Erzberger’s scenes of dining on rich food and having hushed conversations with unrepentant German generals—a total invention of the film, as the novel never leaves Bäumer’s perspective—are juxtaposed with Bäumer’s misery in the muddy trenches and frozen fields of France. For the film’s part, the particulars of the tense scenes in which Erzberger negotiates the armistice with France’s absolutely unsympathetic brass hats squares with historical accounts.

The two-and-a-half-hour film accordingly has a lot of extra stuff in it, and so it unavoidably must take away from some of the scenes devotees of the novel or the other adaptations will remember. The fiery schoolteacher Kantorek, an outsize villain in the other two films, appears here in precisely one scene. Bäumer never returns home from the front to experience the dissonance of civilian life, as he does in the book, which is perhaps the biggest omission. Bosom buddy Kat (Albrecht Schuch) is the most important figure in Bäumer’s scenes, such that his fellow schoolboy volunteers hardly show up at all, and Kat’s tragic end is totally, wildly different than in the novel and the previous films: Without going too deeply into it, Kat is far more personally culpable for his own demise. Kat’s death in Remarque’s novel is one of total random, impersonal cruelty—one amid a ceaseless tide of tragedies Bäumer experiences before his own wasted death on the front lines mere days before the end of the war. Berger isn’t letting anybody off the hook.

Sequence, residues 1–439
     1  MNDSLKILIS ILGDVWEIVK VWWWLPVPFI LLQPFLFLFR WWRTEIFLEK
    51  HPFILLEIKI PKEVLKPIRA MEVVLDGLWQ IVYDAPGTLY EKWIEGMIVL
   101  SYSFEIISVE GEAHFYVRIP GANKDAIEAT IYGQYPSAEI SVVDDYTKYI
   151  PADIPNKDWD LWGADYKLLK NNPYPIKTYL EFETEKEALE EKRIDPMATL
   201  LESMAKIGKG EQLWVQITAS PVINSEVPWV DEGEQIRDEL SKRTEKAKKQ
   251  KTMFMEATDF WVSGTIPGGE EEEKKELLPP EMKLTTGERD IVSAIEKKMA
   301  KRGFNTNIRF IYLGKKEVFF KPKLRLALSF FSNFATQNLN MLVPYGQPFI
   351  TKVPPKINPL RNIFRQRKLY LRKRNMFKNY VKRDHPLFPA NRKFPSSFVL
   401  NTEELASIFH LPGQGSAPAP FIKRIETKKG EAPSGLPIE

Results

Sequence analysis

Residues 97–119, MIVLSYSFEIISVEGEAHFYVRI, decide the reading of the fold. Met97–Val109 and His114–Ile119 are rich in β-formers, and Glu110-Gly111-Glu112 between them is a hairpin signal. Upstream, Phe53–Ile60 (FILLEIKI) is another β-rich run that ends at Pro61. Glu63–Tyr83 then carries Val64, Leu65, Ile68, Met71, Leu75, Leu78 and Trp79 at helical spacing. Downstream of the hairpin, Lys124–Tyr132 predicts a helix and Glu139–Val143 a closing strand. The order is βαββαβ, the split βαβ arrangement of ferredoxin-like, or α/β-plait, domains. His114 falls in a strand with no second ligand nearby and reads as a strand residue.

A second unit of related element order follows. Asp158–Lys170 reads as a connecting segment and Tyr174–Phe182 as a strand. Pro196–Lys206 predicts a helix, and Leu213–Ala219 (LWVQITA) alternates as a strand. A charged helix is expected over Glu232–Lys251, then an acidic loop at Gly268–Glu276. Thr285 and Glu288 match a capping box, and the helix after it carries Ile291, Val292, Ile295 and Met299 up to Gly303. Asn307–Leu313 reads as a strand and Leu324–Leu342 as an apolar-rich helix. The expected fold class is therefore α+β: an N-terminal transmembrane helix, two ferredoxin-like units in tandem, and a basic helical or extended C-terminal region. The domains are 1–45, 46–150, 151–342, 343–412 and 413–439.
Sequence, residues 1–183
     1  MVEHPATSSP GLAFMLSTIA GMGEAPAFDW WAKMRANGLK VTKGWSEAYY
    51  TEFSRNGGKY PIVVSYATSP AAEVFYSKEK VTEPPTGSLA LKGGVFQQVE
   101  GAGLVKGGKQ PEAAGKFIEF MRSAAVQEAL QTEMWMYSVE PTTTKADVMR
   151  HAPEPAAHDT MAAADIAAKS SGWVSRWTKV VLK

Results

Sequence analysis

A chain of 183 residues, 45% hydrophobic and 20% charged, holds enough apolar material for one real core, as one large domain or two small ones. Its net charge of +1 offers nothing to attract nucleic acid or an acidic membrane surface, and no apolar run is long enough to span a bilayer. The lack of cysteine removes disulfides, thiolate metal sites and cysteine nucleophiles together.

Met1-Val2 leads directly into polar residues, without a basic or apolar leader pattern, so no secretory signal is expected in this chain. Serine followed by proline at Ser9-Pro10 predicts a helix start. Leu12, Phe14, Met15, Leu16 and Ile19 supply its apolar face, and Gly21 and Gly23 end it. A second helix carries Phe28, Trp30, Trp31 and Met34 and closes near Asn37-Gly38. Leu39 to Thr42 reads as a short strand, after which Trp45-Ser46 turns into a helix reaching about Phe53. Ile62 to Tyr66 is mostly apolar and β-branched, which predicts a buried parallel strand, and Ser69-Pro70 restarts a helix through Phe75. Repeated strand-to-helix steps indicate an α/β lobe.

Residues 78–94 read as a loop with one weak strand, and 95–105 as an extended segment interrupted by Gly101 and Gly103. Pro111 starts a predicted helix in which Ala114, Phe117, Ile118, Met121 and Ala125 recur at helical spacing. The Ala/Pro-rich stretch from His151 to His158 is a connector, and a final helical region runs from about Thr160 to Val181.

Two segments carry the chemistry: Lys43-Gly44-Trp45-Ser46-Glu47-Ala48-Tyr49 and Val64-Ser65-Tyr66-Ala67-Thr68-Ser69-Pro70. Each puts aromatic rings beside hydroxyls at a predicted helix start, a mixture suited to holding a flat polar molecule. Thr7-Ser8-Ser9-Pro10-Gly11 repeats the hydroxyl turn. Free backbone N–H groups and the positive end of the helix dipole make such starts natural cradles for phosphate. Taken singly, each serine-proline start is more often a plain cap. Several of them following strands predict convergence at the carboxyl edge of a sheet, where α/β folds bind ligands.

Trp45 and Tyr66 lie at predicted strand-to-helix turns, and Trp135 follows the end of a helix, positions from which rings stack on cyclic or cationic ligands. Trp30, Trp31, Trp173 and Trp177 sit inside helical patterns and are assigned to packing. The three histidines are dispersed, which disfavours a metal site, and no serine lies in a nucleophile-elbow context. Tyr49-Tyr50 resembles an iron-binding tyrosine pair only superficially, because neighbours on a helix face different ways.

Berger also adds scenes from the perspective of a fictional general, Friedrichs (Devid Striesow) who speaks in ultra-nationalist rants and spends his men like pocket change while he eats hot meals in a cushy field office. He decides he wants one last victory before the armistice officially takes effect, and so orders Bäumer and his comrades out onto the field to rush a trench 15 minutes before the ceasefire takes effect. It’s this final action that both heightens the tragedy of the original story and puts one of the film’s biggest problems on display: The movie’s war scenes lean heavily into the action. Kat and Bäumer spend no small part of the movie lobbing grenades and shooting French troops, blowing the treads out of tanks and manning machine gun nests. Even Bäumer gets a few licks in before biting it in this last scene. It’s incongruous and dissonant with the rest of All Quiet on the Western Front’s clear antipathy to war, and makes me remember Truffaut’s comment about film’s relationship to war all too clearly.

It is, nonetheless, the first All Quiet on the Western Front adaptation in wide release that we’ve got from an actual German perspective. As we grow more and more distant from the war to end all wars, that kind of reappraisal becomes even more important.

Kenneth Lowe’s body is earth and his thoughts are made of clay. You can follow him on Twitter and read more at his blog.